I really enjoyed my conversation with Candace Taylor, writer for The Real Deal Magazine, one of the best resources for residential real estate news in NYC. She covers real estate all day long and we speak about many issues including square footage discrepancies and getting people mad.
Check out the podcast
In the current issue of The Real Deal magazine, the article Real estate’s most verbose talking heads: A look at the busy schedules of NYC’s go-to market pundits…
…goes haywire with Adobe Illustrator and selects four go to media resources:
Barbara Corcoran, the founder of the Corcoran Group and now a regular on the “Today Show”; Jonathan Miller, the ubiquitous president of appraisal firm Miller Samuel; Dan Fasulo, managing director at Real Capital Analytics; and Bob Knakal, chairman of Massey Knakal Realty are just a few among a growing bunch of go-to contacts.
I think the bobblehead designation is a compliment? Verbosity? I always used that word in the “long-winded” connotation. Well, my phone simply rings – plus – I’ve been known to hang out on car dashboards on the weekends.
Aside: Bob Knakal is a long time colleague who has generously agreed to sit down with me on my podcast, The Housing Helix, in a few weeks.
I was listening to the US Senate Banking Committee Hearing on the Bernard Madoff investigation last Thursday and was thoroughly entertained by the dry delivery of Harry Markopolis, a financial investigator who pulls no punches – he warned the SEC about Madoff in 1999. I don’t know whether he is the real deal or not but he cuts to the chase which is refreshing after listening to endless govspeak by the SEC Enforcement Division Director and SEC Compliance Acting Director.
At about the 02:14:00 mark, it starts to get entertaining and a reminder of how slow government can be in responding to a much faster moving private sector. Remember this is one of the agencies that provided oversight to financial institutions that created complex financial instruments for the mortgage market that preceeded the credit crunch last year. Markopolis said the best tool the SEC has to prevent this from happening again is the “Pink Slip” and fire half the SEC staff. While I don’t know the details well enough to comment whether this is reasonable, I find his directness refreshing.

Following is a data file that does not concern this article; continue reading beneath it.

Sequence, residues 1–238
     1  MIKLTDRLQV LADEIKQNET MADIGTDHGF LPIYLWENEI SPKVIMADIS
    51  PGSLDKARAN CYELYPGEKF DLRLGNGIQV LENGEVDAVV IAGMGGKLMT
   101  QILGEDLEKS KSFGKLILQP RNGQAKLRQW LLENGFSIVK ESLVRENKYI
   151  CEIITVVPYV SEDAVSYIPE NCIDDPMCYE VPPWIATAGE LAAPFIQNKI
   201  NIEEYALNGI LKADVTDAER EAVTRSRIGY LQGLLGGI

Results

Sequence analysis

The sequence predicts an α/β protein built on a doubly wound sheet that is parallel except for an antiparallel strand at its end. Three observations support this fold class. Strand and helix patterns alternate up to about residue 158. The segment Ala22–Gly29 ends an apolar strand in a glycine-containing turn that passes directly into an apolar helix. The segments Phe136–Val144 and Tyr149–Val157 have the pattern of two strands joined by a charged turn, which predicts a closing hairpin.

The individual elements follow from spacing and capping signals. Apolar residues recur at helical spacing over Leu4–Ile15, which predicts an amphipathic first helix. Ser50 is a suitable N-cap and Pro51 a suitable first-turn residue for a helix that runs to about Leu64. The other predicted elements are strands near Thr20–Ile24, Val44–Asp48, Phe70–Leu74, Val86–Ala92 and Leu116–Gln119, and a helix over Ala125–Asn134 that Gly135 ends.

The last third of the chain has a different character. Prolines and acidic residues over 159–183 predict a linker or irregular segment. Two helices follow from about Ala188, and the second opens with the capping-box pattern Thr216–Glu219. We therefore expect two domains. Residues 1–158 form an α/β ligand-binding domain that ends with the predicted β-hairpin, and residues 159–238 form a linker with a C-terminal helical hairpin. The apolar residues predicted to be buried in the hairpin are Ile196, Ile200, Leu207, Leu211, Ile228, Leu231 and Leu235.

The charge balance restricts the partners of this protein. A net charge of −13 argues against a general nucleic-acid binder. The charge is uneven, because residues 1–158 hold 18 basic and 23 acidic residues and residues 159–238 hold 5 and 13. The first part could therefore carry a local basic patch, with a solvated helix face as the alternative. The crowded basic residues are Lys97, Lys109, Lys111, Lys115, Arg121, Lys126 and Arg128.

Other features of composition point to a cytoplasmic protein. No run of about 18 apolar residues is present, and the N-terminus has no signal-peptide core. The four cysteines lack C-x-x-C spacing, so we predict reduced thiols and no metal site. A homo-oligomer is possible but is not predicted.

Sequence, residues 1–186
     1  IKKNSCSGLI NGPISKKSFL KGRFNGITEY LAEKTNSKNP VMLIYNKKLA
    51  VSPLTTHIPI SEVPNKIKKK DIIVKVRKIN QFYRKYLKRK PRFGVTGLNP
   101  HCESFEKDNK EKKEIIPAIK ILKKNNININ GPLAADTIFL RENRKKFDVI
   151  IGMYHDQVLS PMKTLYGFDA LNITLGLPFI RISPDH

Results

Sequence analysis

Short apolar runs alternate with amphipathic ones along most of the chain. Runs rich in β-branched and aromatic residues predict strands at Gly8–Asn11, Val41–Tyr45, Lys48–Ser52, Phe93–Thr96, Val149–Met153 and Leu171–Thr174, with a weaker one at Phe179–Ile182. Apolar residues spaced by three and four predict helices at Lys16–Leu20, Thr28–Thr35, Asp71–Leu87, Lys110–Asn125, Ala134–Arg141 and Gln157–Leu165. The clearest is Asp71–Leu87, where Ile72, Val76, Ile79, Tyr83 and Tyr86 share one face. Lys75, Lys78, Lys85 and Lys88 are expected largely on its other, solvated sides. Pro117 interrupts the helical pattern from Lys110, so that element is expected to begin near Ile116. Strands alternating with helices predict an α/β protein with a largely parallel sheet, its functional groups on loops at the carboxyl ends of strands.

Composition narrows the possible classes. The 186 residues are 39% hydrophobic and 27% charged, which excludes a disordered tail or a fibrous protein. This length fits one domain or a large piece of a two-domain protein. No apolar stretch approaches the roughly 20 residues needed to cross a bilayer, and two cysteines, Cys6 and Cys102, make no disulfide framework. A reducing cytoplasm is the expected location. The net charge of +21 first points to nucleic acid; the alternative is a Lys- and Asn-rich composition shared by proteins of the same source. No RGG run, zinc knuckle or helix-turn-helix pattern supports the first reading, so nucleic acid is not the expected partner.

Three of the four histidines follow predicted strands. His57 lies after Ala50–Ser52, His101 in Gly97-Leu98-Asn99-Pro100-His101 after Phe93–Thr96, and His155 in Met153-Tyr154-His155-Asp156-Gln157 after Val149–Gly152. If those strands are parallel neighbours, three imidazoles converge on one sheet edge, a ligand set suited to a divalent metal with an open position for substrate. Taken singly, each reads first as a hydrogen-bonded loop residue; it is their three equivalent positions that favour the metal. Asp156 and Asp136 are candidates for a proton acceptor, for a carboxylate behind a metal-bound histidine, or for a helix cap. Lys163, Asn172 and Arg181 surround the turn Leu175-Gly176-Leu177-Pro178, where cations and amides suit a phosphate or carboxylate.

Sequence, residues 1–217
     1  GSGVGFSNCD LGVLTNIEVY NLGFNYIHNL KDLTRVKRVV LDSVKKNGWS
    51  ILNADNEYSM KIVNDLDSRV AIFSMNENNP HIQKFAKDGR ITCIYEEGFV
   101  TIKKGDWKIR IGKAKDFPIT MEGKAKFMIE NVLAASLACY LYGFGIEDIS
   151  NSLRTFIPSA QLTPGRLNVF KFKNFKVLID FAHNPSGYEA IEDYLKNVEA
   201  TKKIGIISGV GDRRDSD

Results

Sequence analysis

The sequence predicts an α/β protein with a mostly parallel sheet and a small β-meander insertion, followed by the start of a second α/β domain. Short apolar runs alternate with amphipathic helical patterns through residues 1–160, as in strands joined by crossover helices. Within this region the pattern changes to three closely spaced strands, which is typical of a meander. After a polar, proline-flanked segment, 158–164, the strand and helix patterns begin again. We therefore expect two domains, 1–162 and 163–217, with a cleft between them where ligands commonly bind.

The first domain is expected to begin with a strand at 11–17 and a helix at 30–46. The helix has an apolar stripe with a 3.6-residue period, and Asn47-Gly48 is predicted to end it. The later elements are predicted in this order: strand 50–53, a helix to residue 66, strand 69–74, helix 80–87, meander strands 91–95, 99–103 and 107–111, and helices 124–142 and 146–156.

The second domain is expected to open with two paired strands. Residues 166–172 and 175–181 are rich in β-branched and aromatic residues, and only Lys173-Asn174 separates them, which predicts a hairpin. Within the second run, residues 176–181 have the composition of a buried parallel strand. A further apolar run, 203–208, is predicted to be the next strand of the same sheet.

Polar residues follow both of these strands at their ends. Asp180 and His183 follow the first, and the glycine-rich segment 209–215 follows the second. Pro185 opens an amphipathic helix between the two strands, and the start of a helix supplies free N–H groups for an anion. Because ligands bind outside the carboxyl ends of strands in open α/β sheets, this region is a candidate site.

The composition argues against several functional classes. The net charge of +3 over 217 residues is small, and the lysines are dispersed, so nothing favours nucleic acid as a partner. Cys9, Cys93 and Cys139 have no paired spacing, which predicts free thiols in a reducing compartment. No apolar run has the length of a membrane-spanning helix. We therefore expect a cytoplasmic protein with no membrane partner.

Markopolis chirped out one of many homespun homilies at the hearing including (02:17:09):
It’s Hard To Soar Like An Eagle
When You Are Surrounded By Turkeys.
He said this at the table with the SEC! …in front of the US Senate Banking Committee! Wow!
Who said CSPAN had to be dull?
I had the pleasure of interviewing Stuart Elliott, the Editor-In-Chief of The Real Deal Magazine. Together with Publisher Amir Korangy, The Real Deal pushes out a lot of content on the residential and commercial real estate markets in New York City and South Florida, making their publication a must-read.
Tags: Amir Korangy
Well, it’s still morning in LA.
Real Deal Magazine publisher Amir Korangy and Editor Stuart Elliott finally get their due with a page 1, column 1 story in the LA Times yesterday. It covers their history and what its like to cover the New York housing market.
There was a market related quote in the article from one of the top New York City commercial real estate brokers, Bob Knakal, of Massey Knakal in Manhattan that got my attention. Here’s how he described the current commercial real estate market.
“It’s as if you had both your arms hacked off and you were bleeding all over the place,” Knakal says. “But then the bleeding stopped and you feel a little better. You still have your arms hacked off, but everything is relative.”
That’s brutal honesty – literally.
Did a lot of boating this weekend and there seemed to be a lot of boats still under “wraps.” So today I saw an interesting article in The Real Deal/Miami (hat tip to WSJ Developments Blog) Foreclosures could put houses in plastic
Foreclosures, dried-up financing and simple bad timing means countless South Florida construction projects now sit unfinished and all but abandoned. In the subtropical climate, the wood develops mold and degrades and the metal rusts.
…the company has wrapped three homes in the past several months, and is working with a group in Pennsylvania to begin wrapping 240 homes in the Northeast.
It’s a growing problem – not sure this is the answer but perhaps it beats the alternative.
You can stick a “fork” in it as much as you want, but the Hamptons aren’t “done,” by the way.